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Yakubu Sani Ibn,Giwa Abdulganiyu,Momodu Halima,Muazu Jamilu
International Research Journal of Pharmacy , 2012,
Abstract: The major challenges of treating patients with pulmonary tuberculosis have been those of compliance and increasing incidence of multi-drug resistance. The use of directly observed treatment-short course (DOTS) has been widely reported to improve treatment success in settings where this treatment strategy recommended by the World Health Organization was implemented. Therefore the study was to determine the success rate of implementing DOTS strategy to patients with pulmonary tuberculosis in the University of Maiduguri Teaching Hospital, Nigeria. A survey of the records of treatment of patients with pulmonary tuberculosis using the DOTS strategy over a three-year period from January, 2007 to December, 2009 in the Teaching Hospital was retrospectively carried out. Treatment success (Cure and treatment completion) was recorded in 1434 (85.5 %) patients, while 203 (12.1%) patients either defaulted or were lost to follow up. Forty-one (2.4 %) patients died in the course of treatment. The DOTS strategy in the Teaching Hospital was effective since the success rate was close to the projected value for the whole country.
A Study of Treatment Compliance in Directly Observed Therapy for Tuberculosis  [cached]
Pandit N,Choudhary SK
Indian Journal of Community Medicine , 2006,
Time of default in tuberculosis patients on directly observed treatment
Pardeshi Geeta
Journal of Global Infectious Diseases , 2010,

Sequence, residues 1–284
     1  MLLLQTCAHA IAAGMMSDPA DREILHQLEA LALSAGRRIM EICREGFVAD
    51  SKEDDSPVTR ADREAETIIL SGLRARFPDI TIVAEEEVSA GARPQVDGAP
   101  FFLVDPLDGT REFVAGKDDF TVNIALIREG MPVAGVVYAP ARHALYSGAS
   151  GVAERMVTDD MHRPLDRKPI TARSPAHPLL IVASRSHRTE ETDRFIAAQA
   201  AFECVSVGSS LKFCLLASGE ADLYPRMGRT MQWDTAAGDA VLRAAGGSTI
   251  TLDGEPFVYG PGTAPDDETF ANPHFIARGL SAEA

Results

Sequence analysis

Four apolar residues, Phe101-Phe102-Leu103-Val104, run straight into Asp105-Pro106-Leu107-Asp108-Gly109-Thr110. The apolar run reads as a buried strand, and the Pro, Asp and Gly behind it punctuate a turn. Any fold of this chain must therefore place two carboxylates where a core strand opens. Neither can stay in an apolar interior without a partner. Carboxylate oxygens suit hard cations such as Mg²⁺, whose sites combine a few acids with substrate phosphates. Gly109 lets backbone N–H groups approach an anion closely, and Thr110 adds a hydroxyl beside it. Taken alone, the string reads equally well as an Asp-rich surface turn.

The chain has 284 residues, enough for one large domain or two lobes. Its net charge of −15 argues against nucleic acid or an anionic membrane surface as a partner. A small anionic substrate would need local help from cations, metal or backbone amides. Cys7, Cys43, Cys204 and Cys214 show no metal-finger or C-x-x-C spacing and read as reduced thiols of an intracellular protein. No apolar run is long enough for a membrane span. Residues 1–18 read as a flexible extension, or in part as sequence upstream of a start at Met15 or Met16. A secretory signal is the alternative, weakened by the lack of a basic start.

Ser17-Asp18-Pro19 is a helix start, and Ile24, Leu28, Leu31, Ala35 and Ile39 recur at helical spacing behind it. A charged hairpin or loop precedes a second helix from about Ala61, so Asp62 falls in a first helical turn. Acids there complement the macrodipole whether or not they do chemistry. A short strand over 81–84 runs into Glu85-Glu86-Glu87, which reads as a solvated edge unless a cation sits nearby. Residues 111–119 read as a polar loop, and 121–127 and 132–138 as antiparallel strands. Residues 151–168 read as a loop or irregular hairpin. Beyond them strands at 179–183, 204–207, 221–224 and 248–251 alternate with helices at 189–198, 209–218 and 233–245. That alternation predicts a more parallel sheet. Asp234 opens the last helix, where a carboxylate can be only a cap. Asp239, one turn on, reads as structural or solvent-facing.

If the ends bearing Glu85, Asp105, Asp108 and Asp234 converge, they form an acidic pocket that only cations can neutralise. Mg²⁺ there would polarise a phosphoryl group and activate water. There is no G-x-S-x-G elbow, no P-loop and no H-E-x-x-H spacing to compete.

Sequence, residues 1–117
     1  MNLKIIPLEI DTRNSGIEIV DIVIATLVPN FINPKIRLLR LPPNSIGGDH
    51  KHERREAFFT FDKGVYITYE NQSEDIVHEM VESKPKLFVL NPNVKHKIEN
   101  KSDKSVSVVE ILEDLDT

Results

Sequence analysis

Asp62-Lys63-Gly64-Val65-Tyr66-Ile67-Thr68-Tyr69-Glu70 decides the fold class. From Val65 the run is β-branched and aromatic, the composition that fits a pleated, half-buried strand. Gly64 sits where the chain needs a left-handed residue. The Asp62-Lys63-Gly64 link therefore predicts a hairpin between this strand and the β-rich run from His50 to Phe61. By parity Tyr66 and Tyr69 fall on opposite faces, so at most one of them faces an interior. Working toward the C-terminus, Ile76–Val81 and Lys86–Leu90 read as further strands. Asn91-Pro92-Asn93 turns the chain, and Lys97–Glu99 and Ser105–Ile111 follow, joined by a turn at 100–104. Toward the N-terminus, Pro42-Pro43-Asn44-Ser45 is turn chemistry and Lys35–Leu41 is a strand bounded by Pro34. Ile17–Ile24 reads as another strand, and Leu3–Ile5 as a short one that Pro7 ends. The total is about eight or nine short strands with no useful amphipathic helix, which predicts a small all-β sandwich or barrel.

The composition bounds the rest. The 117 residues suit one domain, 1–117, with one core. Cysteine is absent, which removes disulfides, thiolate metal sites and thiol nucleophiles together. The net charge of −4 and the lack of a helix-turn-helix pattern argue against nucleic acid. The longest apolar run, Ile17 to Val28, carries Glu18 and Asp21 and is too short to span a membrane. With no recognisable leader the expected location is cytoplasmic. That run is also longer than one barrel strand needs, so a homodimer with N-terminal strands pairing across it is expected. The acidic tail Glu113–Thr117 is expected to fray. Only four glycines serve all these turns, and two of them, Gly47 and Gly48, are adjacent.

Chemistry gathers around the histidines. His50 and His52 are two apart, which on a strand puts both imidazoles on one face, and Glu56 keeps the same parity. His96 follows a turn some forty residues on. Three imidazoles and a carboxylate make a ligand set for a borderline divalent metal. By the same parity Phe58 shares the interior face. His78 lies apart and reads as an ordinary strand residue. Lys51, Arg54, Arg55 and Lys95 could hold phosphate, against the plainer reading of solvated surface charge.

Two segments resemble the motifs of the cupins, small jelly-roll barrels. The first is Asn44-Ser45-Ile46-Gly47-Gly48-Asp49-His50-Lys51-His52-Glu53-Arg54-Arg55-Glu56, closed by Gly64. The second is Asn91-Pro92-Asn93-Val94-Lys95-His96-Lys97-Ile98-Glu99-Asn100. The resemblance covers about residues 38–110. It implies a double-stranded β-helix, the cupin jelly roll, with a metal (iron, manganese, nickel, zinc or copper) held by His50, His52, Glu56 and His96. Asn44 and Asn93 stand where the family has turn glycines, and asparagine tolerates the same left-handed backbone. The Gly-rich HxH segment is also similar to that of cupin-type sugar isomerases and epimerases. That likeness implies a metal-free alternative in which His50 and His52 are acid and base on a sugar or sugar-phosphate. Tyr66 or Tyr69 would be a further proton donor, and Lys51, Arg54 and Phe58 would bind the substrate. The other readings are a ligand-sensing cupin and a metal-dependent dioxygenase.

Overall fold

Abstract: Background: Default remains an important challenge for the Revised National Tuberculosis Control Programme, which has achieved improved cure rates. Objectives: This study describes the pattern of time of default in patients on DOTS. Settings and Design: Tuberculosis Unit in District Tuberculosis Centre, Yavatmal, India; Retrospective cohort study. Materials and Methods: This analysis was done among the cohort of patients of registered at the Tuberculosis Unit during the year 2004. The time of default was assessed from the tuberculosis register. The sputum smear conversion and treatment outcome were also assessed. Statistical Analysis: Kaplan-Meier plots and log rank tests. Results: Overall, the default rate amongst the 716 patients registered at the Tuberculosis Unit was 10.33%. There was a significant difference in the default rate over time between the three DOTS categories (log rank statistic= 15.49, P=0.0004). Amongst the 331 smear-positive patients, the cumulative default rates at the end of intensive phase were 4% and 16%; while by end of treatment period, the default rates were 6% and 31% in category I and category II, respectively. A majority of the smear-positive patients in category II belonged to the group ′treatment after default′ (56/95), and 30% of them defaulted during re-treatment. The sputum smear conversion rate at the end of intensive phase was 84%. Amongst 36 patients without smear conversion at the end of intensive phase, 55% had treatment failure. Conclusions: Patients defaulting in intensive phase of treatment and without smear conversion at the end of intensive phase should be retrieved on a priority basis. Default constitutes not only a major reason for patients needing re-treatment but also a risk for repeated default.